Peter Singer`s fate of the Earth - solution for the Earth? On the eve of the United Nations Climate Change Conference in Paris.

Author: Olivera Z. Mijuskovic, philosopher and bioethicist

Peter Singer is one of the most important thinkers of today. In his article "Paris and the Fate of the Earth" about the United Nations Climate Change Conference in Paris, he asked a series of very important questions. Participants of the Conference should certainly pay attention to what he says.

Singer was asked the following questions:

1. An unknown number of endangered species of plants and animals;
2. Stabilization of greenhouse-gas emissions “at a low enough level to prevent dangerous anthropogenic interference with the climate system.” (UNFCCC)

In this case, Singer notes that and without it, climate feedback loops could boost rising temperatures further still.  He said: "With less Arctic ice to reflect sunlight, the oceans will absorb more warmth. Thawing Siberian permafrost will release vast quantities of methane. As a result, vast areas of our planet, currently home to billions of people, could become uninhabitable". (Peter Singer, Paris and the Fate of the Earth, "project Syndiicate)

Singer offers a solution by giving the industrially most developed countries reduce emissions that produce the greenhouse effect.

He still wonders about the survival of small island countries, on the prevention of so-called dirty industries such as coal production and Food Industry of meat. He also stated that this would not only reduced the reductions in greenhouse gases, but also to significantly reduce the risk of cancer that is associated with the consumption of red meat.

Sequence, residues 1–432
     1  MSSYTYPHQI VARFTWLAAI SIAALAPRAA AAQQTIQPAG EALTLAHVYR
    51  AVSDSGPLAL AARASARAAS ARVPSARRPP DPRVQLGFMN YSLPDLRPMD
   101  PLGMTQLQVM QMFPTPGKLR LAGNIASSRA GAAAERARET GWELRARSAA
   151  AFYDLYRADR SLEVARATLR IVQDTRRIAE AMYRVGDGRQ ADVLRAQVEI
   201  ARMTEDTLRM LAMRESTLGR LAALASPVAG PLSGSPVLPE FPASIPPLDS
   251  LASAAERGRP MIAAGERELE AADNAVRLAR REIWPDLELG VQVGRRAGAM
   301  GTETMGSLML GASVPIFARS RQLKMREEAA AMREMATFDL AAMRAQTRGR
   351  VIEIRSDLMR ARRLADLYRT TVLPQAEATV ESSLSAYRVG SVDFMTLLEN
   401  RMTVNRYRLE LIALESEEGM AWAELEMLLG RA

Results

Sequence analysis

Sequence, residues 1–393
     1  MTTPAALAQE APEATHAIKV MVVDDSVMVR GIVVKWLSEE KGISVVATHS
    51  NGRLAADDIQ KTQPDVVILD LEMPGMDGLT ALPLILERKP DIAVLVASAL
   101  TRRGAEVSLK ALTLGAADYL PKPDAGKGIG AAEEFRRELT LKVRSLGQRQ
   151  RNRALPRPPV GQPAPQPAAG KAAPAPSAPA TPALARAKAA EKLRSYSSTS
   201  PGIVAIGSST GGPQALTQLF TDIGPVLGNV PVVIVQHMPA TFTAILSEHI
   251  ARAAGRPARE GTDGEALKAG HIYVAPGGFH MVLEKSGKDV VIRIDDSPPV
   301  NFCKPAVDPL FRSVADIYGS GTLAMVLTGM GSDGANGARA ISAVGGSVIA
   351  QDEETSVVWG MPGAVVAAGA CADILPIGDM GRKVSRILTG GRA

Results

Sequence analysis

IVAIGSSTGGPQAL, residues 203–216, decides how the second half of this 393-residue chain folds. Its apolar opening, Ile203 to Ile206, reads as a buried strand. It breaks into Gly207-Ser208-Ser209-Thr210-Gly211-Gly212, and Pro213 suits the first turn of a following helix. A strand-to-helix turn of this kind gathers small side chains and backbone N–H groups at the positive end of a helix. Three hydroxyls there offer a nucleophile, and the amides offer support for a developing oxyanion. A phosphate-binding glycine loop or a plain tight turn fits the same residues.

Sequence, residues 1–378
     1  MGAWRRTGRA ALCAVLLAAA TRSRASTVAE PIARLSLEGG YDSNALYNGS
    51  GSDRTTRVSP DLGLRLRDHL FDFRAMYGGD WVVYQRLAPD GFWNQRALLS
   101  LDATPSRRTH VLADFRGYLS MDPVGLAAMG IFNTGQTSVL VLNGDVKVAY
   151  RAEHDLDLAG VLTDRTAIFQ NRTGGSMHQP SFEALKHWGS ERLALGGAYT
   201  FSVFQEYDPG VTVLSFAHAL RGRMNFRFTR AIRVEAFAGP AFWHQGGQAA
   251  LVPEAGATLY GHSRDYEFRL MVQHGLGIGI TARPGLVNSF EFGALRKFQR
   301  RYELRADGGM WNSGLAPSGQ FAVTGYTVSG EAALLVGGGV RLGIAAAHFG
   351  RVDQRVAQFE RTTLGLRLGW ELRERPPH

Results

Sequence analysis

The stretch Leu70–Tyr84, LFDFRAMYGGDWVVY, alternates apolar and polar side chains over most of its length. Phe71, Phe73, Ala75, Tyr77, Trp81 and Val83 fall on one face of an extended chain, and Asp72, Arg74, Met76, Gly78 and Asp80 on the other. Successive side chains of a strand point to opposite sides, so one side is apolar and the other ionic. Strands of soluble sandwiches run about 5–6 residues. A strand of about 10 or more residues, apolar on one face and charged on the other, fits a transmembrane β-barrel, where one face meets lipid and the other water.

Whether it is possible to adopt at least some of these ideas?

Reply will be prepared after the conference.



Views: 292

Tags: Changes, Climate

Comments are closed for this blog post

Comment by Olivera Z Mijuskovic on December 1, 2015 at 7:29am

Citing sources:

Peter Singer, Paris and the Fate of the Earth, Project Syndicate 11 Nov 2015

Carnegie Council

Facing a Pandemic in the Dark

Over 1 million Rohingya refugees living in crowded, unsanitary conditions in Cox's Bazar, Bangladesh could soon be facing their own COVID-19 outbreak. Making their situation even more desperate is an Internet blockade, meaning they don't have access to life-saving information, writes Rohingya activist and educator Razia Sultana. How can international organizations help?

Hungary and the Values Test

In the wake of the Hungarian parliament's vote to allow the executive to rule by decree, Senior Fellow Nikolas Gvosdev reflects on the call by some to expel Hungary from the North Atlantic Treaty Organization--on the grounds that the country no longer upholds the liberal-democratic values that should form the basis of the security association.

The Coronavirus Pandemic & International Relations, with Nikolas Gvosdev

With the COVID-19 pandemic disrupting all aspects of daily life around the world, what will be the effect on international relations? Will it increase cooperation among nations, or will it lead to more conflict and competition? Senior Fellow Nikolas Gvosdev and host Alex Woodson discuss these scenarios and also touch on how the virus has affected the Democratic primary, in which Joe Biden now has a commanding lead.

SUBSCRIBE TODAY

VIDEOS

SUPPORT US

GEO-GOVERNANCE MATTERS

© 2020   Created by Carnegie Council.   Powered by

Badges  |  Report an Issue  |  Terms of Service


The views and opinions expressed in the media, comments, or publications on this website are those of the speakers or authors and do not necessarily reflect or represent the views and opinions held by Carnegie Council.